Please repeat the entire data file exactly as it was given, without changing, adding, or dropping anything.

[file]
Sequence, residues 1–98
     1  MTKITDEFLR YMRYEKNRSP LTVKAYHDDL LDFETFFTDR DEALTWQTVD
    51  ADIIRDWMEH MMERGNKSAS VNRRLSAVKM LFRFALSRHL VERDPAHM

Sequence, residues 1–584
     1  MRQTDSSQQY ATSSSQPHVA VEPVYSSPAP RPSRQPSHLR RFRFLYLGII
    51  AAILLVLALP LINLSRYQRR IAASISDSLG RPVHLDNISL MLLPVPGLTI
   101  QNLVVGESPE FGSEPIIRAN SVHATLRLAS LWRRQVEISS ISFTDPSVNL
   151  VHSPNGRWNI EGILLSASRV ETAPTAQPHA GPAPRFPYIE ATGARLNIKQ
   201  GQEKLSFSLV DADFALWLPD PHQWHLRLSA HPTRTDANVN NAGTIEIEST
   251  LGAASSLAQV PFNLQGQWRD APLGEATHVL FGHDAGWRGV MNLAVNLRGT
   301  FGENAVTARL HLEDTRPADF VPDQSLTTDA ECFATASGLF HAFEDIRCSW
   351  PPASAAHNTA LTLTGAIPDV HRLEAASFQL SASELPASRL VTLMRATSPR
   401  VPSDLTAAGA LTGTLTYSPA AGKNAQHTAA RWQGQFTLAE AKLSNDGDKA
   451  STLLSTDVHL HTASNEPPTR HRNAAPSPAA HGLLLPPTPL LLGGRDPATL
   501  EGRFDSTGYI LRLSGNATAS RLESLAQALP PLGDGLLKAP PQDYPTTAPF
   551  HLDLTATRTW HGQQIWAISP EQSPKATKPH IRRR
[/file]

Sequence, residues 1–98
     1  MTKITDEFLR YMRYEKNRSP LTVKAYHDDL LDFETFFTDR DEALTWQTVD
    51  ADIIRDWMEH MMERGNKSAS VNRRLSAVKM LFRFALSRHL VERDPAHM

Sequence, residues 1–584
     1  MRQTDSSQQY ATSSSQPHVA VEPVYSSPAP RPSRQPSHLR RFRFLYLGII
    51  AAILLVLALP LINLSRYQRR IAASISDSLG RPVHLDNISL MLLPVPGLTI
   101  QNLVVGESPE FGSEPIIRAN SVHATLRLAS LWRRQVEISS ISFTDPSVNL
   151  VHSPNGRWNI EGILLSASRV ETAPTAQPHA GPAPRFPYIE ATGARLNIKQ
   201  GQEKLSFSLV DADFALWLPD PHQWHLRLSA HPTRTDANVN NAGTIEIEST
   251  LGAASSLAQV PFNLQGQWRD APLGEATHVL FGHDAGWRGV MNLAVNLRGT
   301  FGENAVTARL HLEDTRPADF VPDQSLTTDA ECFATASGLF HAFEDIRCSW
   351  PPASAAHNTA LTLTGAIPDV HRLEAASFQL SASELPASRL VTLMRATSPR
   401  VPSDLTAAGA LTGTLTYSPA AGKNAQHTAA RWQGQFTLAE AKLSNDGDKA
   451  STLLSTDVHL HTASNEPPTR HRNAAPSPAA HGLLLPPTPL LLGGRDPATL
   501  EGRFDSTGYI LRLSGNATAS RLESLAQALP PLGDGLLKAP PQDYPTTAPF
   551  HLDLTATRTW HGQQIWAISP EQSPKATKPH IRRR